On the surface it may seem like the Pride would have been better off debuting in 2017 rather than 2016. Those Olympics next summer will pull some of the best-known players away from all teams for several weeks, and while the club expects to debut the new stadium in 2016, it is not counting on being able to do so in time for the Pride. But Holt said the Olympics should be embraced rather than dodged, and expressed little apprehension about the Pride playing in the oversized Citrus Bowl for the season.
“Initially I think we looked at this as a 2017 initiative,” Holt, who was charged with helping launch a women’s team and USL team (Orlando City B, also preparing to debut in 2016) when he was hired earlier in 2015, acknowledged. “But things started falling into place a little quicker than we expected. Winning the World Cup was good momentum. We jumped at the opportunity and felt like our fans would follow that. So far so good.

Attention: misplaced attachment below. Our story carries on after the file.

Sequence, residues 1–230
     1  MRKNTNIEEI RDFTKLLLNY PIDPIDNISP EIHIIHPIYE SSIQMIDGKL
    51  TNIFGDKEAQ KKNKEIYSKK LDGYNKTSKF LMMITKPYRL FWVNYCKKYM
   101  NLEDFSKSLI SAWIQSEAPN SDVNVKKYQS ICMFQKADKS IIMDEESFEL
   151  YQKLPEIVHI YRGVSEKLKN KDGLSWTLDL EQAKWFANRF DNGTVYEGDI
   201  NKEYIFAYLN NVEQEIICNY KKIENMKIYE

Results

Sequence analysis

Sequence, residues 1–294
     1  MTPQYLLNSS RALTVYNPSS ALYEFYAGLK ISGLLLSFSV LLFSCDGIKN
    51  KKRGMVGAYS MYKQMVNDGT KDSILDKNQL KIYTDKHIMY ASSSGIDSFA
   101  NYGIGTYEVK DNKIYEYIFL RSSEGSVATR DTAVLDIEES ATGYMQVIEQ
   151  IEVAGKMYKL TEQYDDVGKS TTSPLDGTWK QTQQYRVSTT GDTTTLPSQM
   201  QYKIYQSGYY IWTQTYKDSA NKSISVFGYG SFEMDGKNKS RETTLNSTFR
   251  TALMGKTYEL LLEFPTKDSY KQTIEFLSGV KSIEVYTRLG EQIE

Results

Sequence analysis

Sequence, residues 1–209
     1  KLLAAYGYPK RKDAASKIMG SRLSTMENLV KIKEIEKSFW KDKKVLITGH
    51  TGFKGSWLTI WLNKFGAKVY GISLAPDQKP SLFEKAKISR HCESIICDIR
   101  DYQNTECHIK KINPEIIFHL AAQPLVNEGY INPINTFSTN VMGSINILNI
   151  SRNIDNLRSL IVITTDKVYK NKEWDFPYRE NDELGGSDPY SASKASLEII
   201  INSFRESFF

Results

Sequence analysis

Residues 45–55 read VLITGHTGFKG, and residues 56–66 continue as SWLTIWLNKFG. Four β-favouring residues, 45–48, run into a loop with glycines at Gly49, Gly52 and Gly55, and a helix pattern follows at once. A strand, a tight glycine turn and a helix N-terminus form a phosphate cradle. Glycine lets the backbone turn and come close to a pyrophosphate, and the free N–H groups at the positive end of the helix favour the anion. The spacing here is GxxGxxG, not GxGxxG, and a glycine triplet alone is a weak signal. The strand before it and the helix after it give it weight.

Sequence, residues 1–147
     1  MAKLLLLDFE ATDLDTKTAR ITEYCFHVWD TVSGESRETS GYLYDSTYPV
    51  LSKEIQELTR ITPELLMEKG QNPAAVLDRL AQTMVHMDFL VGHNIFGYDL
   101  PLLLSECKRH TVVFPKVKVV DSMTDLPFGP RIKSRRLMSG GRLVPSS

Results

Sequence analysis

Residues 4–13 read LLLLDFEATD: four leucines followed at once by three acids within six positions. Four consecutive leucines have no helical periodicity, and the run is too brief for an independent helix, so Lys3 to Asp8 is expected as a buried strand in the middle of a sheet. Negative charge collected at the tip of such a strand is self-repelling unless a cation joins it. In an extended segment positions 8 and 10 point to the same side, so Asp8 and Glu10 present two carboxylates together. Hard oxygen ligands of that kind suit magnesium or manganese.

“There were a number of factors that played into why we moved on this a little earlier. As we went through and developed a business plan, we felt like we could make it work from the first year even playing at the Citrus Bowl for one season. Timing is a big factor. There is a lot of momentum. We thought there was an opportunity with the way the league was set up and some of the dynamics that were happening to put a very strong team together. So when we looked at all the factors the best opportunity to join was now. We think it’s the right decision. The last couple of months since we launched have only reinforced that.”